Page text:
The glabellar approach can be particularly advantageous in elderly patients who have developed horizontal glabellar furrows due to the action of the procerus muscle. This approach may also be considered in order to avoid a coronal incision where only limited exposure is needed in a younger patient with a receding hairline, or in a bald patient.
An example of where a limited exposure may be necessary in the nasofrontal area is a Le Fort II or III fracture.
The most common approach for reduction of NOE fractures is a combined approach of coronal incision, lower eyelid incision, and a maxillary vestibular incision. This combined approach is often required to obtain stabilization of the extensive comminuted fracture. Some surgeons use these combined incisions, but substitute the glabellar approach for the coronal incision.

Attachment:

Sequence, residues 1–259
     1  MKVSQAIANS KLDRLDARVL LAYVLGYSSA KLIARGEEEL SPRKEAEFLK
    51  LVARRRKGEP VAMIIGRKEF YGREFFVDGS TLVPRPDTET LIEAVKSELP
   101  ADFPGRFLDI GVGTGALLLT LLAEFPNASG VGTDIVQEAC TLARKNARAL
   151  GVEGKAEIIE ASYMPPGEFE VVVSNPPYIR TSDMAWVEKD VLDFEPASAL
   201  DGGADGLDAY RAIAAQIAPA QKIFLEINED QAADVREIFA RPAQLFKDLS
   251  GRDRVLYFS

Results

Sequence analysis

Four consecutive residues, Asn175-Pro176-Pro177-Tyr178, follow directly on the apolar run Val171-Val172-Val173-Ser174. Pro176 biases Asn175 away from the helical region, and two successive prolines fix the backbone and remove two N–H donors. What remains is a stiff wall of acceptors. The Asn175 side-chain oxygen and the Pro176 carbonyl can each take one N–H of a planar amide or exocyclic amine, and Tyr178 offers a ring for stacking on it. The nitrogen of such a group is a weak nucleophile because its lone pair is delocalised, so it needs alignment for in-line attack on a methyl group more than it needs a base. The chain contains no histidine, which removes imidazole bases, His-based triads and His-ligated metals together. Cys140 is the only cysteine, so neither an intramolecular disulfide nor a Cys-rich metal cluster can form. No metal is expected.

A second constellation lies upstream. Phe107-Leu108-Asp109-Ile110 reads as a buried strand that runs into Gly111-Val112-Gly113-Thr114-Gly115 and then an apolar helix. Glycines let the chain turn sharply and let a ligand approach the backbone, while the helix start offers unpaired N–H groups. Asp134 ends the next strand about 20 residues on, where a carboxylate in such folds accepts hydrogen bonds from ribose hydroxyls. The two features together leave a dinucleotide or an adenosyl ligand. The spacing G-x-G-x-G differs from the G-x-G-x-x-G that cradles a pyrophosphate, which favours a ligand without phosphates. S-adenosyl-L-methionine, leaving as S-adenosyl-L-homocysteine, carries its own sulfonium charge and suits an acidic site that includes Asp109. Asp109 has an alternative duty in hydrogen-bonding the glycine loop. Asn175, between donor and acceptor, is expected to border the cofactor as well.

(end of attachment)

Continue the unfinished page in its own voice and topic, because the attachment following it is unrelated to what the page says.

2. Skin incision
Locating the skin incision The incision should be planned in the glabellar furrows or, if appropriate, in the region camouflaged by the bridge of eyeglasses.
Skin incision Perform a skin incision with a scalpel along the planned incision line. Sharp dissection can then be carried down through the periosteum.
Exposure of the bone Using retractors, the bone can be exposed.
4. Wound closure
A simple layered closure is performed as for any laceration in this area.